Nurses Eating Their Young

In homage to an allnurses member who wrote a wonderful article entitled "Nurses Are So Mean", I'd like to provide excerpts from my personal blog which I wrote not to long ago. I give enormous kudos and applause to the writer of this article, and I sincerely agree. It seriously is about taking the time to evaluate your self and your actions, and the rationales for your reactions. It is about looking inward... it is ultimately about personal growth and fulfillment.

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You are reading page 10 of Nurses Eating Their Young

Ruby Vee, BSN

67 Articles; 14,022 Posts

Specializes in CCU, SICU, CVSICU, Precepting & Teaching. Has 40 years experience.
I think that there has been a slight change to the way the eating of nurses has been happening. While there have been older nurses that eat their young their are younger nurses who think they are gonna cull the herd and go after the older (seen as weaker) herd mates. I have always loved teaching the younger nurses and have always been told that they enjoyed being taught by me and that they learned a lot. I've dealt with a few of this next generation of nurses recently who have tried to cull me from the herd pretty much from the minute that I spoke to them.

And we ought to coin a fancy term for it, so that we can chant it every time someone starts the "NETY" chant. "NETO" just doesn't sound cool.

Steffy44

98 Posts

Has 3 years experience.

Thankfully no one ever treated me horrible when I started as an RN almost 2 years ago. Everyone at my hospital is kind and willing to help. Seems this isn't the norm. Some of the experienced nurses were intimidating at first but I went in with a "only know enough to be truly dangerous...let me suck your brain dry" attitude and they were more than willing to share. Maybe it helps I'm older and I'm not out to prove I'm better or smarter. I just want to be the best me.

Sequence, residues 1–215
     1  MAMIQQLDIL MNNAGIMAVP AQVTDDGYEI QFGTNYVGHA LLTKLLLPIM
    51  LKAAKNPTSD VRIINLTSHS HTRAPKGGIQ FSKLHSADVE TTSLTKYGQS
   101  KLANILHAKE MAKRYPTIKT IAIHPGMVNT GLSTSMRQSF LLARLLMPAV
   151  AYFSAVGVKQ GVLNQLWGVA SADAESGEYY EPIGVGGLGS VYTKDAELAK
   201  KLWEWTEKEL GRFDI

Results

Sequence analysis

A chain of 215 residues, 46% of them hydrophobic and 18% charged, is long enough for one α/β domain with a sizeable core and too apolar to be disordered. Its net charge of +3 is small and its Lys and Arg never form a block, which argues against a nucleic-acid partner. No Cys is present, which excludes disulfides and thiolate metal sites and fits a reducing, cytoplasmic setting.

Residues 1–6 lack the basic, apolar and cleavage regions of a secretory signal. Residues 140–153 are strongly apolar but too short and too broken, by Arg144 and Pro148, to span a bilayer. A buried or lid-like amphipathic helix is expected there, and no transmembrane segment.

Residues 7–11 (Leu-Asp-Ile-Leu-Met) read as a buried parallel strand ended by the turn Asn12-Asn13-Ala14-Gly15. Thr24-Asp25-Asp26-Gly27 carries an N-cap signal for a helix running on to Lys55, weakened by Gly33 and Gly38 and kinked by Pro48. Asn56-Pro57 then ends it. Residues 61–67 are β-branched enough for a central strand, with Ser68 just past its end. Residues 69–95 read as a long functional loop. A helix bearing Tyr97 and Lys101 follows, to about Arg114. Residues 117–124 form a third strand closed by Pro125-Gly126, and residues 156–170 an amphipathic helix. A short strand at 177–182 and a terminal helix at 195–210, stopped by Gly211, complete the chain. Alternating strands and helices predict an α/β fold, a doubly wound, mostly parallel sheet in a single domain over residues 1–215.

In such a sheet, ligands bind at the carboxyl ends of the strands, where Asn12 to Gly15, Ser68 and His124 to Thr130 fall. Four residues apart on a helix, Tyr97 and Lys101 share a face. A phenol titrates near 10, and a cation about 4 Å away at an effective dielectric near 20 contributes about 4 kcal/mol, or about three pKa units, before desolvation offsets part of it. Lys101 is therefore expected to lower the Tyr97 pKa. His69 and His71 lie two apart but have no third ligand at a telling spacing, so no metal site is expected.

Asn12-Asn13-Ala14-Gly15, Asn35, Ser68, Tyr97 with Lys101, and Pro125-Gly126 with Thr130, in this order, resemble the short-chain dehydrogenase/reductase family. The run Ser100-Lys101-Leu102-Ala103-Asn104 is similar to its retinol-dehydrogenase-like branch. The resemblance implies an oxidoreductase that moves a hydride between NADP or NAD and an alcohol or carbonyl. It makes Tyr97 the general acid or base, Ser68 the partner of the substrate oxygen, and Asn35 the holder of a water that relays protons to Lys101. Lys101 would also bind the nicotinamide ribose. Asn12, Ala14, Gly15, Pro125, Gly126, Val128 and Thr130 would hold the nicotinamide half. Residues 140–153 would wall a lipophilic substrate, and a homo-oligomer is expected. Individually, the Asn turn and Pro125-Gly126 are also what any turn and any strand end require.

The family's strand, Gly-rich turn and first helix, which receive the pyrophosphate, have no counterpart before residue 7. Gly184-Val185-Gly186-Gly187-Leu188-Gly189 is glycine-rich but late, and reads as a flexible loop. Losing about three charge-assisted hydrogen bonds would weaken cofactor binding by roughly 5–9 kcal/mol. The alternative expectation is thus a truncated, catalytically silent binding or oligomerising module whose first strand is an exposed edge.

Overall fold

Ruby Vee, BSN

67 Articles; 14,022 Posts

Specializes in CCU, SICU, CVSICU, Precepting & Teaching. Has 40 years experience.
Thankfully no one ever treated me horrible when I started as an RN almost 2 years ago. Everyone at my hospital is kind and willing to help. Seems this isn't the norm. Some of the experienced nurses were intimidating at first but I went in with a "only know enough to be truly dangerous...let me suck your brain dry" attitude and they were more than willing to share. Maybe it helps I'm older and I'm not out to prove I'm better or smarter. I just want to be the best me.

Bullying or "eating their young" is not the norm. It's a myth perpetuated by those who would rather blame their problems at work on bullies or "young eaters" than take a good solid look at how they're contributing to their own problems.

staceylee67

28 Posts

Specializes in Orhto, med/surg.

Great article that gives an idea, helps us understand why some nurses are so mean. Any mean nurse that reads this may actually take a step back and reflect on his or her behavior and learn something.

Alnitak7

559 Posts

Specializes in retired from healthcare. Has 25 years experience.
Bullying or "eating their young" is not the norm. It's a myth perpetuated by those who would rather blame their problems at work on bullies or "young eaters" than take a good solid look at how they're contributing to their own problems.

I think the real myth is more that no one ever takes a good look at how they're contributing to their own problems. Some of these people really don't know why they're being humiliated and that's why it's so frustrating.

Most of my R.N. teachers helped to empower me and also explained where I went wrong out on the floor in a private conference. If they had not told me what I was doing wrong, I would never know and no amount of introspection would have helped.

Ruby Vee, BSN

67 Articles; 14,022 Posts

Specializes in CCU, SICU, CVSICU, Precepting & Teaching. Has 40 years experience.